For Mike Davis, author and spokesperson for independent global information professionals’ organisation, AIIM, recent European data protection regulation changes need to be tracked by anyone interested in storing and managing cloud content.
Welcome back to the fourth and last in our short series of explanatory blogs about General Data Protection Regulation – or GDPR – which is all about bringing all 28 member countries under a single regime of rules, with similar penalties for breaches right across the European Union. Also as I said, our organisation, working in collaboration with respected legal experts Bird and Bird, has produced a free to download report ‘Making sense of European Data Protection Regulations as they relate to the storage and management of content in the Cloud’ on what all this means for anyone interested in storage, content, the cloud, privacy – which may well be all of us these days, but should be particularly relevant to the DM world.
In the first three blogs of this short series, we introduced the topic of GDPR, set a bit of context in terms of history and then looked at some of the specific features of the proposals, which do, yes, include big scary fines (5% of turnover or a €100m maximum fiscal penalty), but which actually also cover a lot more than that, in terms of new definitions of roles like Data Controller and Data Processor, as well as new reporting obligations.
In this last post of this series, we now need to finish our review by drilling down into what we think the industry needs to do about GDPR – more specifically for anyone using cloud services to store data (or which are seriously intending to):
Here are our recommendations, firstly, for end-user organisations:
Be aware of the respective countries within the EU that the personal data of data subjects originates from: and until GDPR comes into full force (expected to be early 2017), follow the current legislation in the country the subject lives in (e.g. the UK or Germany) with particular awareness of what that local legislation says about the transfer of such personal data across borders.
Be very sure if any of your existing cloud data processes falls foul of current legislation – and if it does, immediately seek to work with the respective Data Protection Authorities to resolve the problems.
Review all your contracts with existing data processors to ensure that they are compliant with current legislation – while also creating a process to set up fully GDPR compliant strategies in each country you’re operating in.
Set up procedures now to start securing explicit consent for the collection and processing of personal data in preparation for the implementation of the Regulation.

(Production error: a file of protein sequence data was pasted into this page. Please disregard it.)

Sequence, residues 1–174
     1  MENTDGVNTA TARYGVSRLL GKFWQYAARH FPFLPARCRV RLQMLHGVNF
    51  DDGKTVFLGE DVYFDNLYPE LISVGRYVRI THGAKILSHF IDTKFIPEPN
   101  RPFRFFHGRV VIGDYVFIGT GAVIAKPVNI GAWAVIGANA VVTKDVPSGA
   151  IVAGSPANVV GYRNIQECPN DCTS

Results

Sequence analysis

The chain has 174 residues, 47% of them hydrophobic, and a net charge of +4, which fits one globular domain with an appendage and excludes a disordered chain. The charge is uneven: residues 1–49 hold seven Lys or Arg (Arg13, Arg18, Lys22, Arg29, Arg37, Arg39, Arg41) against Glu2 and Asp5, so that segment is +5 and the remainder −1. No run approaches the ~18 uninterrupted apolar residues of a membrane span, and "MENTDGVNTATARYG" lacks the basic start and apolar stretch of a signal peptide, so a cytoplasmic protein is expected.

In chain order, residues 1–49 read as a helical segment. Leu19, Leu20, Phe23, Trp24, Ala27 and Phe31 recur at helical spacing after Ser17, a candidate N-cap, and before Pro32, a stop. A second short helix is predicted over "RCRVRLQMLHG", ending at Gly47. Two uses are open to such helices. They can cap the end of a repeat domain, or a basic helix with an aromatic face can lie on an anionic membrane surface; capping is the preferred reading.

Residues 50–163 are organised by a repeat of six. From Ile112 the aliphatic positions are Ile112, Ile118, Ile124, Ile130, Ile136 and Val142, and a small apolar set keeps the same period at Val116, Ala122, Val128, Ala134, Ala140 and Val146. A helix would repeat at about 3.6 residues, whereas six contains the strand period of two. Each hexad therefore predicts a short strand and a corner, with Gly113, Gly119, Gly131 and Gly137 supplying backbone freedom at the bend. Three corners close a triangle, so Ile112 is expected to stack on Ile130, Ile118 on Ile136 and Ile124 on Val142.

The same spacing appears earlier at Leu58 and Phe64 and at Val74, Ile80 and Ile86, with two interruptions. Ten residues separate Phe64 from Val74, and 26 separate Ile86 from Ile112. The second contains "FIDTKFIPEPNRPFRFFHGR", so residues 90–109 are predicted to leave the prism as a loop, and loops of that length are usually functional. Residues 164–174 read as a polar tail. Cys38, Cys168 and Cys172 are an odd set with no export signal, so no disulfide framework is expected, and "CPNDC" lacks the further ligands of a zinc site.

And now here are our recommendations for all data processors providing cloud services, which could well be you:
Review the physical locations of your data centres so as to ensure that they are not currently processing personal data outside the boundaries set by individual country legislation (this is pre GDPR, obviously).
On that basis, decide whether you need to establish data centres within the European Union/European Economic Area or other areas with adequate levels of protection in preparation for the Regulation.
Do the work now to set a compliant strategy for the company – in each geography you work in, so inside and outside of Europe if you operate there – in preparation for the requirements of the Regulation.
Finally, very much last but not least, educate your sales and technical staff on the implications of the GDPR and amend contracts and provisioning appropriately.
The bottom line is that GDPR is coming, it will bring in big changes in how Europeans’ data can be collected, stored and protected – and that anyone in the cloud sector, as well as any company storing customer data, really does need to do that.
Don’t think 2017 is a long way off, either (Our report contains information on local European data law for 13 EU member states, data that you might find useful for evaluating your current exposure and obligations pre-GDPR.) It really will happen sooner than you think!
So it only remains for me to say good luck with your preparation for the Regulation!
The author is an independent IT analyst with a 30 year plus career, specialising in information management, governance and processes. Prior to working as an analyst – first for The Butler Group, then latterly for Ovum – Mike was an IT Director in the NHS.